The Doctor Ippon Protocol
This "interview" is actually not an interview at all, but a story. It's actually a draft of a chapter from an upcoming book I'm working on. In the chapter, I talk about John Kuchinski, who's been a long-time judo student of mine.
John's been through a lot, and I like to think I've been present for much of it and at least a little bit helpful. The story is incredible, and it continues to this day. I'll get out of the way and let it play out for you here.
So You've Got a Skinned Knee?
When people tell me about the trivial things that keep them from coming to the dojo, I reflect on one of my long-time students named John Kuchinski. John is one-hundred percent blind due to brain surgery he had when he was about twelve years old. He started judo in college and, eighteen years later, he’s still training with me at the Japanese Martial Arts Center. He’s achieved third-degree black belt in judo, and he’s shockingly good at both the standing and groundwork aspects.
John’s very outgoing. He talks a lot of trash, tells a lot of stories, and is almost always a very positive influence in our judo program. His seoi nage (back-carry throw) is so wicked we call him “Doctor Ippon.” That’s a neat play on words, because “ippon” can mean both “one-arm” – as in “one-arm shoulder throw” – and “one point” – as in, you just won your judo match! But that’s not the end of his story, not by a long shot.
About nine years ago, John started having circulation problems in his left foot. Judo got difficult because his foot would turn white and get very painful. Still, John showed up and trained. We would hold him by his shoulders and spin him around to get blood into his foot, then he’d go back to judo. Eventually, however, the circulation problem got so bad that John could barely train. The health of his leg was threatened. His doctors advised him to get an arterial bypass. In this gruesome process, they would make a huge slice in his other leg, strip out a few feet of vein (or artery, I can never remember the difference), and implant in it the other leg.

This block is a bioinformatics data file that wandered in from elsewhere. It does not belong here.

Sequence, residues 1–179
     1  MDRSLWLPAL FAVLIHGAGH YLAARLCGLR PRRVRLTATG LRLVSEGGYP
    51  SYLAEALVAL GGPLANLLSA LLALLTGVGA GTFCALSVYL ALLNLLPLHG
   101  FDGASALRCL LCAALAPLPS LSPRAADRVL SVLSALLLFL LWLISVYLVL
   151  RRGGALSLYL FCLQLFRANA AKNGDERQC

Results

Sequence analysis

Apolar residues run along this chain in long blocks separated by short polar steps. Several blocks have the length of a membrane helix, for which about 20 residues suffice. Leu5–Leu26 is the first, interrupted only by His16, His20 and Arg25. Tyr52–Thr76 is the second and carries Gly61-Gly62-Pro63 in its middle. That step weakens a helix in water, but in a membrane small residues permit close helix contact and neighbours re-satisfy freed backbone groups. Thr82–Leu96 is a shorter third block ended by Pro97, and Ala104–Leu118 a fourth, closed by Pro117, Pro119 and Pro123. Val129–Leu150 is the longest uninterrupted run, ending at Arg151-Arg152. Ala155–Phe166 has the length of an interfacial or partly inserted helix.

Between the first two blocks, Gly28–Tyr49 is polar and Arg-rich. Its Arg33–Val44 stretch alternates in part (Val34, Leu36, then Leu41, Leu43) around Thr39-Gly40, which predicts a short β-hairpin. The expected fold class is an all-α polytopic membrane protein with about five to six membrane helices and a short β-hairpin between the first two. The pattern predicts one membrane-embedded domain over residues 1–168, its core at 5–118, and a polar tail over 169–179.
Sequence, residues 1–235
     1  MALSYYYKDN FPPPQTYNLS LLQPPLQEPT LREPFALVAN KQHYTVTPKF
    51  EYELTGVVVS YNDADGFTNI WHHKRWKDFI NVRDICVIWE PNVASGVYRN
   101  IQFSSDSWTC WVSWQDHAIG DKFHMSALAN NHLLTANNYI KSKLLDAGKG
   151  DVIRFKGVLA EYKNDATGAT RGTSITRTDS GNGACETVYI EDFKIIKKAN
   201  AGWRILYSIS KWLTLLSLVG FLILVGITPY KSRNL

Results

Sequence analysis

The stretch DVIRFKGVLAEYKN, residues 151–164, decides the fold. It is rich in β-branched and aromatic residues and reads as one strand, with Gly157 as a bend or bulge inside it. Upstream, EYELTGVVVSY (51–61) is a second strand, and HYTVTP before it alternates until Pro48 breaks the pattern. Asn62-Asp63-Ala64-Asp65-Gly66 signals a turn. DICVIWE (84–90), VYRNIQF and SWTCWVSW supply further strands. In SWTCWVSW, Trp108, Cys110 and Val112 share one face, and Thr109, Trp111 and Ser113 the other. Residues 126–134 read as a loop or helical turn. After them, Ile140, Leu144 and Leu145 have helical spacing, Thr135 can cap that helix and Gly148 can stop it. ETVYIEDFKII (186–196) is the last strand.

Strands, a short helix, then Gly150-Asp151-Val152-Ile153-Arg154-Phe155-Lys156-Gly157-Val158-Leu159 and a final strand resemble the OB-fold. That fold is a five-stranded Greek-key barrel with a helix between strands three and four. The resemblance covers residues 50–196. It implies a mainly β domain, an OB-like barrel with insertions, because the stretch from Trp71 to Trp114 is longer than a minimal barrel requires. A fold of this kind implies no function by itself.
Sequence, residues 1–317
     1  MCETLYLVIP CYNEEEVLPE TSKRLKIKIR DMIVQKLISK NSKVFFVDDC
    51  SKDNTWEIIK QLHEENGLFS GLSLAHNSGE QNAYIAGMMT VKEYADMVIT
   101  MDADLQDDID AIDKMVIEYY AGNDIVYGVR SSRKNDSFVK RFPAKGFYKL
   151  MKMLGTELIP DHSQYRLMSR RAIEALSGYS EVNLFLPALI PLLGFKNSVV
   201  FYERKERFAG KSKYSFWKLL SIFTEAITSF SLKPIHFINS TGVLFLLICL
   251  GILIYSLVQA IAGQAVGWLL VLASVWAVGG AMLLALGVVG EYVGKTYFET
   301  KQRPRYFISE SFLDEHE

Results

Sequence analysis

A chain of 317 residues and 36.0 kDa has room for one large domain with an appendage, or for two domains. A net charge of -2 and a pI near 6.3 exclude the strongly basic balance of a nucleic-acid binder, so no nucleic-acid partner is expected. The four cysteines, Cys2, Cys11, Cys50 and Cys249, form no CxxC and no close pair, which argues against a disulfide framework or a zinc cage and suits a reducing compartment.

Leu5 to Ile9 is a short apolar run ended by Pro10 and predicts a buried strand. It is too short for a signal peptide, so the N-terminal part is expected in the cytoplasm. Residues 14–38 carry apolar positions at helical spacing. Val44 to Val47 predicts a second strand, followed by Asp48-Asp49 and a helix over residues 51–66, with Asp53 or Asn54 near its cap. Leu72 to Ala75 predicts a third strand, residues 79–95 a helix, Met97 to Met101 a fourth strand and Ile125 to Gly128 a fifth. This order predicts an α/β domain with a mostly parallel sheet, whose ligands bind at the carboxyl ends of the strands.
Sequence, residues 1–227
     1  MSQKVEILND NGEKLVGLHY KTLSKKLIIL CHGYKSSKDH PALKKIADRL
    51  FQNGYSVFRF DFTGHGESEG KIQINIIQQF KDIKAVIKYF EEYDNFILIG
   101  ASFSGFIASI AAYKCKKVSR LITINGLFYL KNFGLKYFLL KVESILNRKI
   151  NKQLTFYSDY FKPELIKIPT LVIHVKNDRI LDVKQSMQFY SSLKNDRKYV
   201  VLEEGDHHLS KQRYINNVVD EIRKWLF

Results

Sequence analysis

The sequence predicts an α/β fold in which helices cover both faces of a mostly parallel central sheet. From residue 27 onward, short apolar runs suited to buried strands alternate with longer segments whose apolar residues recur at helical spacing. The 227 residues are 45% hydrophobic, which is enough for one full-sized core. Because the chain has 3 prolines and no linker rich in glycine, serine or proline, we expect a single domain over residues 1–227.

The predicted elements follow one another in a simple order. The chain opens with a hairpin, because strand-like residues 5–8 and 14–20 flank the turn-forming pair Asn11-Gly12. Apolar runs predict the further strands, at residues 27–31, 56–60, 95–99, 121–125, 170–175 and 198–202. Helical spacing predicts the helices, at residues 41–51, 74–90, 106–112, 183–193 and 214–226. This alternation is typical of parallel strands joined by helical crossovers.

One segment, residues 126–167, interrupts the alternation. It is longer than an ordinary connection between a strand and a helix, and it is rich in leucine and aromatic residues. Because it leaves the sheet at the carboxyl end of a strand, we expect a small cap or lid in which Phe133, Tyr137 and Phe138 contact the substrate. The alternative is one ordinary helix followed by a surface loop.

While he was recovering, John came to the dojo to “watch” class and soak up the atmosphere. Keep in mind, John can’t see a thing, but he was there on the sidelines listening, encouraging his judo buddies, asking questions, and continuing his total commitment to judo. When he got clearance from his doctors, he returned to training.
The first procedure failed. For some reason, the transplant didn’t work. His doctors advised him that he would either have to get another transplant or lose his foot. So he went through several versions of the procedure. During his recovery, he was at the dojo watching. As soon as he was allowed to, he joined us on the mats.
Guess what? The follow up procedure failed. As did the third, and so on. John has the coolest scars ever – long train tracks of scar tissue that run up both his legs and arms. But after investigating all kinds of alternative therapies, the doctors concluded that there was nothing more they could do. They kept John going with blood thinners and other medications that were supposed to help with blood flow, but eventually his foot simply started to die. John would come to judo class, train for a few minutes, then have to retire to the sidelines to deal with the extreme pain of a foot that was basically dying while still attached to his leg. He could barely sleep at night because of the pain. Finally, the doctors told him that if he didn’t have his foot amputated, he would likely lose his entire leg.